Companion vegetable planting

I’m champing at the bit to get started on my heirloom and heritage seed based veggie garden. Given the local area’s climate and poor soil, every drop of water counts and every ounce of compost is precious, so I’ll need to be especially careful in how I go about this.

Did you know that planting certain types of vegetables close to each other can improve their chances of survival and help them thrive? On the flip side, planting certain crops close together can be detrimental to one or both type of plants’ development.

The concept is called companion planting, an important aspect of permaculture. It’s also a way to keep pests at bay if you wish to have a pesticide and herbicide free veggie garden. Some species you can plant to act as “sacrificial lambs” of sorts to keep pests away from more sensitive crops.

Legumes, which include peas and beans are able to extract nitrogen from the atmosphere and with the help of bacteria, transfer this to the soil for the benefit of other plants without that capablity. Tall garden vegetable plants can also help shelter smaller, more delicate veggies.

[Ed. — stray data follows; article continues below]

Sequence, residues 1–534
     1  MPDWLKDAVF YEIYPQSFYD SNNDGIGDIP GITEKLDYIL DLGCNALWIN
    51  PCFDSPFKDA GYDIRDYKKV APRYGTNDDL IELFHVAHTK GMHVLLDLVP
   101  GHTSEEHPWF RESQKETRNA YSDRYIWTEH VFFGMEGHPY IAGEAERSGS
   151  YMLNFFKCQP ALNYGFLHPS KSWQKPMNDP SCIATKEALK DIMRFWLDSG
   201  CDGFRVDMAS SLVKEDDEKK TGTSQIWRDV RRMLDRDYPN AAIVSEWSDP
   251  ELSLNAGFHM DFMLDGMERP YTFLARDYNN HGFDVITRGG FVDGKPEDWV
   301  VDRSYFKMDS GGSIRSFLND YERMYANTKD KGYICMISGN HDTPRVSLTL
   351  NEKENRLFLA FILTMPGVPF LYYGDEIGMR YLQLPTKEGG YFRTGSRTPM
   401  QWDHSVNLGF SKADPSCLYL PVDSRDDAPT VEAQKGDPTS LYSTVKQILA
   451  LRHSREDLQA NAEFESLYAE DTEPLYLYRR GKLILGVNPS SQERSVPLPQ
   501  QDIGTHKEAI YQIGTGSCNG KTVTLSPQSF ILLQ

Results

Planting too much of one crop in a small space also tends to hammer the soil of certain nutrients, so mixing crops in together helps to maintain a balance and can provide additional protection if one species suffers through infestation.

Companion planting is fascinating; and thankfully it doesn’t have to be trial and error, there’s a ton of resources on the web on the topic.

Here’s a nice round up of what vegetables your should or shouldn’t plant together.